Sense & Sensitivity by Harriette Cole

Reader Not Sure About Bringing Up Friend's Teeth

DEAR HARRIETTE: My friend "Lauren" is very outgoing and kind. I have noticed her teeth becoming more damaged and yellowed in the past few months. We regularly speak about our various health ailments, and she has not mentioned her teeth. I don’t care about the cosmetic appearance of her teeth; it's just that I would feel incredibly guilty if there was an infection of some sort lurking there. Growing up, I was always told to never comment on weight or teeth, but is this an exception? I want to make sure Lauren is healthy. -- Pearly Whites, Cincinnati

DEAR PEARLY WHITES: You may be able to begin the conversation by talking about your own teeth. Tell her that you plan on going to the dentist soon. Ask her who her dentist is. Continue by asking her if she has been to see her dentist recently. Then, go for it carefully. Tell her that you have noticed that her teeth seem to be changing, and you are concerned about her. You can tell her that you have learned that the health of your teeth is often directly connected to the health of your body, which is why you are going to get a checkup -- and why she should do the same. If she does not have dental insurance, suggest that she check with the local dental school. Often, schools offer free or low-cost dental care provided by students.

DEAR HARRIETTE: A friend of mine sent out her wedding invitations, and I was not invited. I am surprised because she has consulted me about details regarding the ceremony and reception over several months. I mean, we have talked for hours about her wedding -- so much so that I sometimes canceled other activities with friends so that I could be there for her. Is it possible that I was forgotten on the invite list? I want to go to her wedding, yet don’t know if I was purposely left out. -- You (Don’t) Have Mail, Atlanta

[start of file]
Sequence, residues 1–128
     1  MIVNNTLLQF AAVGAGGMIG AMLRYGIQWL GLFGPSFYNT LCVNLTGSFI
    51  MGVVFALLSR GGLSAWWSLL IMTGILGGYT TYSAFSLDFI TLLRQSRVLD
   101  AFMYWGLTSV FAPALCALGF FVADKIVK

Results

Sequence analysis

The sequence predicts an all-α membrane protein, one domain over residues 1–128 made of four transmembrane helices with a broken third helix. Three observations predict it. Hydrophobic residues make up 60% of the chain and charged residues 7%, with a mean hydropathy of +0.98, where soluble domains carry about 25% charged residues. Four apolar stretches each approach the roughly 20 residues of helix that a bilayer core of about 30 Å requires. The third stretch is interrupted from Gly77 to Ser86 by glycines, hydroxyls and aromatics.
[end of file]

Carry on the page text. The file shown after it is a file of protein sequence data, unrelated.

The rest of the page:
DEAR YOU (DON’T) HAVE MAIL: This is a time when I would ask. Given that she consulted you repeatedly about her wedding, it is odd that you would not have received an invitation. Call your friend and ask her directly if she invited you to her wedding. Tell her that you did not receive an invitation. Tell her that you wonder if she somehow had the wrong address.

If it turns out that she didn’t invite you, you have every right to say that your feelings are hurt. You assumed that you were on her guest list, given that she consulted with you repeatedly about details of the wedding. In the end, you do not have control over whether you get an invitation, but in this instance, you do have the right to tell your friend how you feel.

(Harriette Cole is a lifestylist and founder of DREAMLEAPERS, an initiative to help people access and activate their dreams. You can send questions to or c/o Andrews McMeel Syndication, 1130 Walnut St., Kansas City, MO 64106.)